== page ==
Last Updated on May 5, 2015, by eNotes Editorial. Word Count: 504
In March, Cannery Row experiences a huge fishing boon. The canneries are operating at full capacity and hiring anyone who wants a job. Business is booming for Dora at the Bear Flag as well, but she has more than she can handle, especially since some of her girls are indisposed:...
(The entire section contains 504 words.)
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In March, Cannery Row experiences a huge fishing boon. The canneries are operating at full capacity and hiring anyone who wants a job. Business is booming for Dora at the Bear Flag as well, but she has more than she can handle, especially since some of her girls are indisposed: Eva is away on vacation; Phyllis Mae suffered a broken leg in a fall at an amusement park; and Elsie, a good Catholic girl, is away on a religious pilgrimage. It is all a headache for the madam, who must deal with the newcomers as well as make sure her regular customers are taken care of.
The happiness over the bounty of work and money is tempered, however, by a massive influenza outbreak. Schools close down and there is not a single family on the Row who does not have a sick child, a sick parent, or both. In the early 1920s, influenza was especially dangerous for children, who, without the benefit of antibiotics, often developed mastoiditis, from which many died. The local doctors had more cases than they could handle, for, like Dora in her business, they had to tend to not only their regular cases of illness and injury but, daily, new flu cases as well.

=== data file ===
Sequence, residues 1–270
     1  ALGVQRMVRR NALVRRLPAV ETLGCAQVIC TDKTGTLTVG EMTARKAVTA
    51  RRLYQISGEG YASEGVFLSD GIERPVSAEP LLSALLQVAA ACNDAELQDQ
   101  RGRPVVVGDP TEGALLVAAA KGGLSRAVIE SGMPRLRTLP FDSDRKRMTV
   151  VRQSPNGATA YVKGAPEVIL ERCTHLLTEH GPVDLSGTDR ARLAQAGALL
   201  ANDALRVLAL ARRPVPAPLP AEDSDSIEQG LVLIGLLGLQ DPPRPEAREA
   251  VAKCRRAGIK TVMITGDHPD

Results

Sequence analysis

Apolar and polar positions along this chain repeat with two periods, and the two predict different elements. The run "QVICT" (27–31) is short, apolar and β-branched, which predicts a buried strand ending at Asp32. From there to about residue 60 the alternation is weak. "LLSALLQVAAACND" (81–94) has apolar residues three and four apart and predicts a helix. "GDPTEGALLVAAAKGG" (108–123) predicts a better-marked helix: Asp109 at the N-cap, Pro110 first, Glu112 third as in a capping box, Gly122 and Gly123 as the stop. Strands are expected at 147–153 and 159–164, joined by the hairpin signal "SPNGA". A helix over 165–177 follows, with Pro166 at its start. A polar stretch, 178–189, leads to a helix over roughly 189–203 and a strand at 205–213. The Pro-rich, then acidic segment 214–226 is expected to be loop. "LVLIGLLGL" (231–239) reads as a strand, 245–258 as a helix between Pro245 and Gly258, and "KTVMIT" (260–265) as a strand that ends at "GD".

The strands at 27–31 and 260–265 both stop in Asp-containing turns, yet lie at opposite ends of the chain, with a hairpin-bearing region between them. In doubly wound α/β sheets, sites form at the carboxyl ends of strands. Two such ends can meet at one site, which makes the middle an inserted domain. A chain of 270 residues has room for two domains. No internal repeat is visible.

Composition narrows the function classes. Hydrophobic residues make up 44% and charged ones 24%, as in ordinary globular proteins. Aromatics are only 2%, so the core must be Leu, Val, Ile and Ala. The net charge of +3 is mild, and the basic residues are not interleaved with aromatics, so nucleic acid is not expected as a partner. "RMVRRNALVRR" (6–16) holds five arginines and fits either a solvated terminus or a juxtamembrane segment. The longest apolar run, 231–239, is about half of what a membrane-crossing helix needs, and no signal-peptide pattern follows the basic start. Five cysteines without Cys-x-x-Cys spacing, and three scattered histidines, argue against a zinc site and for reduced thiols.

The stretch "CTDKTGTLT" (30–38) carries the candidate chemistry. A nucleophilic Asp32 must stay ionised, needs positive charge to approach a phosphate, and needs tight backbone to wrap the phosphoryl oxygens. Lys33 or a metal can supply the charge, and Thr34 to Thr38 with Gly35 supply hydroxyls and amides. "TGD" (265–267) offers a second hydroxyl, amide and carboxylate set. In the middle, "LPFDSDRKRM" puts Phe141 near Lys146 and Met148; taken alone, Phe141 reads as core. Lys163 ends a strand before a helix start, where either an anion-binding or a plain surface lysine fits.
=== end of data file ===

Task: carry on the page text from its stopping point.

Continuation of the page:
Doctors are becoming harder and harder to come by, so Doc begins pitching in. Because he has helped so many people in other dire circumstances, his help is sought even though he is not a medical doctor. Doc assists as much as he is able, running from one home to the next, bringing food and blankets, taking temperatures, and examining people. If he sees that a case is deteriorating beyond his means of help, he phones a doctor.
After one long day and night, Doc bumps into Dora at Lee Chong's, where he has come for a bit of food and a couple of beers. She asks how people he has visited are faring. Doc confirms what she already knows. The situation is bad but it could be worse; at least no one has died yet, though he is worried about the Ransels' children, who "have all developed mastoiditis."
Dora cannot help but notice Doc's fatigue and asks whether there is anything she or her girls can do to help him out. Doc thinks for a second and soon says that there is indeed something they can do for him and their fellow citizens. He knows that part of medicine is ministering to the spirit, not just the body. He tells Dora that the Ransels are scared for their children and afraid of being alone. He asks whether she and her girls will pay them visits.
Of course, Dora takes on the task with gusto. She returns to the Bear Flag immediately and organizes the girls and sets up a visitation schedule, not only for the Ransel family but for others who need their help. They make huge pots of soup and carry the meals to the stricken families, who need not only support but sustenance.